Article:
An introduction to expository writing through a comprehensive survey of forms of composition. Students are taught to use words with precision and strengthen their understanding and application of grammatical and rhetorical principles. Students are encouraged to appreciate and incorporate the principles of academic and professional writing.

ENG2205 Writing Through Literature

3 Credits

Further develops the writing, reading, and interpretive abilities introduced in ENG1105 through critical engagement with literary texts from a myriad of genres.

Prerequisite: ENG1105

ENG2215 Public Speaking

3 Credits

Supports students in the development of oral communication skills. This course emphasizes the identification of good and poor speech habits, techniques for improving speech, oral interpretation, effective speech planning and delivery, and interpersonal communication.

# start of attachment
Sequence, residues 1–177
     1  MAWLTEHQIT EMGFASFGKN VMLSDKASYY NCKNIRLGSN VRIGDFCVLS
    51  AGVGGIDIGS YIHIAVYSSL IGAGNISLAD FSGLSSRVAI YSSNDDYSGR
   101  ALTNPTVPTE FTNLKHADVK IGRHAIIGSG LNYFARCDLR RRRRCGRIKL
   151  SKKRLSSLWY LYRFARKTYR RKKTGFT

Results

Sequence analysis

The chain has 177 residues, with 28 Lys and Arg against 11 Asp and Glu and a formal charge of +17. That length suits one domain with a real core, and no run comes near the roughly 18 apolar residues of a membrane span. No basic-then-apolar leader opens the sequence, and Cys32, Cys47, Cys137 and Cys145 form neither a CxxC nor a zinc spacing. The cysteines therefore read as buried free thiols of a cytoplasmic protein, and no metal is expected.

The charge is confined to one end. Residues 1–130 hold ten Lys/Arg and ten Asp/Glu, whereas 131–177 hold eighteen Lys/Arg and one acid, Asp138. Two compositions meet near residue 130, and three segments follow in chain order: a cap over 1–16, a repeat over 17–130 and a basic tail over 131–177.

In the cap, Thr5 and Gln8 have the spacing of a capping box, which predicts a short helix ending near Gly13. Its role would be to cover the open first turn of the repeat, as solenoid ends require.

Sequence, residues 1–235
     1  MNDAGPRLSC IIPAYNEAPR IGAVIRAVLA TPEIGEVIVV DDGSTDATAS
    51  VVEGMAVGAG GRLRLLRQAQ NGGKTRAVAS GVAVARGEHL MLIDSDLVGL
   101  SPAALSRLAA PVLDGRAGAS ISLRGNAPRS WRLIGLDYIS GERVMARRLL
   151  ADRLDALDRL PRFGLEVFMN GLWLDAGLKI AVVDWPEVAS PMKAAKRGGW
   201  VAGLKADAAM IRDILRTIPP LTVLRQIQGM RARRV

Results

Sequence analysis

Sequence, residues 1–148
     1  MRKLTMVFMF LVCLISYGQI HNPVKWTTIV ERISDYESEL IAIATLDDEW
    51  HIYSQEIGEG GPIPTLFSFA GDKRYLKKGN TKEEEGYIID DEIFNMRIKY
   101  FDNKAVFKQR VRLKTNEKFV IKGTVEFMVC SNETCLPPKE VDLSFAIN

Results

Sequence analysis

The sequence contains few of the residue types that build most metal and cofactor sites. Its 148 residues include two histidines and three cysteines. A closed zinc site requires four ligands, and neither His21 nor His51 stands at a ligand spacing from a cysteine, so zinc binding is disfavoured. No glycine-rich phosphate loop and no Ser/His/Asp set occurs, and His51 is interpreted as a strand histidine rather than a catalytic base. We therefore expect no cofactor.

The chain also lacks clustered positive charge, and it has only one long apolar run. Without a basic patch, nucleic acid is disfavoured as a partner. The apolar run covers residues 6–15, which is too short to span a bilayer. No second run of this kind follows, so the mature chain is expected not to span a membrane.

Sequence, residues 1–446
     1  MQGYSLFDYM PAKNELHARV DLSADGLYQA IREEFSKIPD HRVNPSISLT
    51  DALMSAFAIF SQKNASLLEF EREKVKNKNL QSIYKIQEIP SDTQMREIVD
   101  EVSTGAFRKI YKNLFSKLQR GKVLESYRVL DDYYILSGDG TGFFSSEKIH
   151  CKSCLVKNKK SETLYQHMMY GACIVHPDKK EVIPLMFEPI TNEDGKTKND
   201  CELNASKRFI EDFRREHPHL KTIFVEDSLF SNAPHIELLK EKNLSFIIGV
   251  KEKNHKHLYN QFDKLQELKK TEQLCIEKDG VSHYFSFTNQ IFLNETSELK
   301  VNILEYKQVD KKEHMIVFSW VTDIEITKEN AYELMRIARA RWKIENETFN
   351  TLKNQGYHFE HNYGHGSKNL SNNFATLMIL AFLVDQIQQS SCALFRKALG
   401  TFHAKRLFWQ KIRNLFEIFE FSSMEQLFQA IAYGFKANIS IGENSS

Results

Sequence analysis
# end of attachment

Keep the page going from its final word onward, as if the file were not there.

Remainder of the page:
Prerequisite or Corequisite: ENG2205

ENG3315 Advanced Writing

3 Credits

Explores a wide variety of professional and creative writing modes, from personal profiles to blogging and beyond. Students build their reading, writing, and researching skills while reinforcing the fundamental concepts and current developments associated with the areas of their respective majors.

Prerequisite: ENG2205

HUM2225 Introduction to Ethics

3 Credits

Introduces the study of ethics and moral philosophy, including its historical development, the major figures within that history, and ethical and moral issues that face us today. This course presents the ideas of great thinkers throughout history and encourages students’ own thinking on various ethical and moral issues.

MAT2212 Quantitative Methods

3 Credits

Introduces students to the personal use of mathematics and the applications for various business disciplines. This course will explore the business applications of linear functions, quadratic functions, and systems of linear equations. Emphasis will be placed on the use of Excel to solve real-world business problems.

Prerequisite: CSK85 or placement-based score

MAT2215 Statistics I

3 Credits